The disaster is that some managers who should be the ones maintaining and elevating the productivity levels of their subordinates, they are the ones who usually cause the performance of their teams to drop. Keep surprising the staff with unplanned meetings, always changing and coming up with new processes, and most importantly, disrespecting the staff off times are all playing a major role in pushing the performance to its lowest levels.

Sit back now, relax, and start thinking about your day … How many marijuana did you have today??

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Do you remember the first day of your new job? or first day at school? you must’ve been through what is known as ‘the orientation phase.’ It is the phase when you are guided around to be familiar with your new environment, and along the way, the seeds of the new place culture are implanted in your head!

So, we have all been there, right? But have you ever been through the ‘disorientation phase’? Whether you realized that or not … the answer is … YES!

I am using this phrase, disorientation, influenced by this interesting article I just read in New York Time about the American University in Cairo. However, although the phrase itself might not be widely recognized or used in the management circles, it has some origins in organizational culture studies. Look at this definition of organization culture by Edgar Schein:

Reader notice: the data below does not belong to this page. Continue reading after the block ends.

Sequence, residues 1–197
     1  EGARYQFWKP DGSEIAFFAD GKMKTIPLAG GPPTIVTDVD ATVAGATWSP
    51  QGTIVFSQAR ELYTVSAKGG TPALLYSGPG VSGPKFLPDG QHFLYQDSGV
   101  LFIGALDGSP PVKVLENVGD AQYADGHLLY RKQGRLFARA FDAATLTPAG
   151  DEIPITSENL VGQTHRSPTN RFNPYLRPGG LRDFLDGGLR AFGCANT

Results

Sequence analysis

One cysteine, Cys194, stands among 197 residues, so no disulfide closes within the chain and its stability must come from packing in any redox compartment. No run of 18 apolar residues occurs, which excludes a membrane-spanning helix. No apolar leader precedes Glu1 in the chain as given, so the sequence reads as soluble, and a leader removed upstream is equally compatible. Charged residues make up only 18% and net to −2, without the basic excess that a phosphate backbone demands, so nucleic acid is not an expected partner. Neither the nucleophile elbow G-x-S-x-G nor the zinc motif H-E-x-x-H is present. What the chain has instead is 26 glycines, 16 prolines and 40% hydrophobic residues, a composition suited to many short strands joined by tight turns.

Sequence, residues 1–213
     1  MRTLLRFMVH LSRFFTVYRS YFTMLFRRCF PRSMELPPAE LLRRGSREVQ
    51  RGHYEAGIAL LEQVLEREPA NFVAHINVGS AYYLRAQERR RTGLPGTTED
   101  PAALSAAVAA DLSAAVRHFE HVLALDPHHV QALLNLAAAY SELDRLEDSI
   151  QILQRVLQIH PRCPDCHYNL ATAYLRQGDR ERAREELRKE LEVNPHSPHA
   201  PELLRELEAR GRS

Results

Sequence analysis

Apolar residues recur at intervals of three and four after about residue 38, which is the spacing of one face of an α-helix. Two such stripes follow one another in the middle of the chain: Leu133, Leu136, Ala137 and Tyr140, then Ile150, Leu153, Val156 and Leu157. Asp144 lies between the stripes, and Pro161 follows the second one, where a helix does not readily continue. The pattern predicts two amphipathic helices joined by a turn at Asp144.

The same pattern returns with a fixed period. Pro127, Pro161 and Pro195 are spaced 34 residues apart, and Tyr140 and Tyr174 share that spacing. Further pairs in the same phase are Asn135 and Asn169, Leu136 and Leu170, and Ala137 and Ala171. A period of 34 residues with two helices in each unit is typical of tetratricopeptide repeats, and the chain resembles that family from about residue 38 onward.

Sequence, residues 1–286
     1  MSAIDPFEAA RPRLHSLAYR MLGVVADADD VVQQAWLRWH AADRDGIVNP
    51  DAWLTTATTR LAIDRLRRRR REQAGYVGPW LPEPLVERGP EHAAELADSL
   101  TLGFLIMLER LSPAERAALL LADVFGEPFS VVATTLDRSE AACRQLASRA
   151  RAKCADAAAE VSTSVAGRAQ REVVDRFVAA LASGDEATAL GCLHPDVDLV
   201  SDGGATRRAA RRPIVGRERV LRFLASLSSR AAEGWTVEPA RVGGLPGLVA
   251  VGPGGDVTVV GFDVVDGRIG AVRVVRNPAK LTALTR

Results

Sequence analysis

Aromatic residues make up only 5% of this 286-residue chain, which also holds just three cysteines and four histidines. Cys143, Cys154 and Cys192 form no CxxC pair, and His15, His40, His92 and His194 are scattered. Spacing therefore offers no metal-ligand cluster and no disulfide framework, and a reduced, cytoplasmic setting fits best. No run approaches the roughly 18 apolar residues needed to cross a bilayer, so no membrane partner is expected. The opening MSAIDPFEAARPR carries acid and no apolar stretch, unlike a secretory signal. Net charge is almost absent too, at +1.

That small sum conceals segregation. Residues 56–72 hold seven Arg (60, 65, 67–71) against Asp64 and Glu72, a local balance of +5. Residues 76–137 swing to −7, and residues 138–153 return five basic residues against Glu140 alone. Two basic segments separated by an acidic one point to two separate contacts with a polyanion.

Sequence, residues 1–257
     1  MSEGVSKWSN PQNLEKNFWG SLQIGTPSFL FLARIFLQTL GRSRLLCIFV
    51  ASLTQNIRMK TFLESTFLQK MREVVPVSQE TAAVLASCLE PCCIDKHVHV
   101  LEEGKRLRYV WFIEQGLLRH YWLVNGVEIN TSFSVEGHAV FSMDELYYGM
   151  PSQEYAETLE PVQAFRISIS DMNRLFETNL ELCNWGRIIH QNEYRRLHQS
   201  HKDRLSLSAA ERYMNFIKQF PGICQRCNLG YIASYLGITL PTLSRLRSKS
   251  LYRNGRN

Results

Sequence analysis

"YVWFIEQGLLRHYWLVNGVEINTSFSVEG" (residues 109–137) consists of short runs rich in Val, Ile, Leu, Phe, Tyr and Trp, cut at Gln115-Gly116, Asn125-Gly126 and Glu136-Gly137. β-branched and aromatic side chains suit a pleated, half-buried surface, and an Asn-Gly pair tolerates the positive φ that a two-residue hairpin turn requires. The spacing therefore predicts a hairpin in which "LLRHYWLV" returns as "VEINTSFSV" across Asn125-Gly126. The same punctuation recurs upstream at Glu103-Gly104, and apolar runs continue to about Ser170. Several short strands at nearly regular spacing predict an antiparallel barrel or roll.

“A pattern of shared basic assumptions that the group learned as it solved its problems of external adaptation and internal integration, that has worked well enough to be considered valid and, therefore, to be taught to new members as the correct way you perceive, think, and feel in relation to those problems.”

For that, companies with strong culture usually use the concept of disorientation to realign the new staff to their internal values, beliefs, and practices. Yes they recruit based on competitive advantages, experiences, skills, etc, but still, a bigger part of their decision to choose someone is based on the ability of the candidate to fit in the organization culture. They have clear understanding of their identity, of what they need from an employee, so the selection process is clear and consistent. Examples of such companies are 3M, Google, Apple, P&G and Starbucks.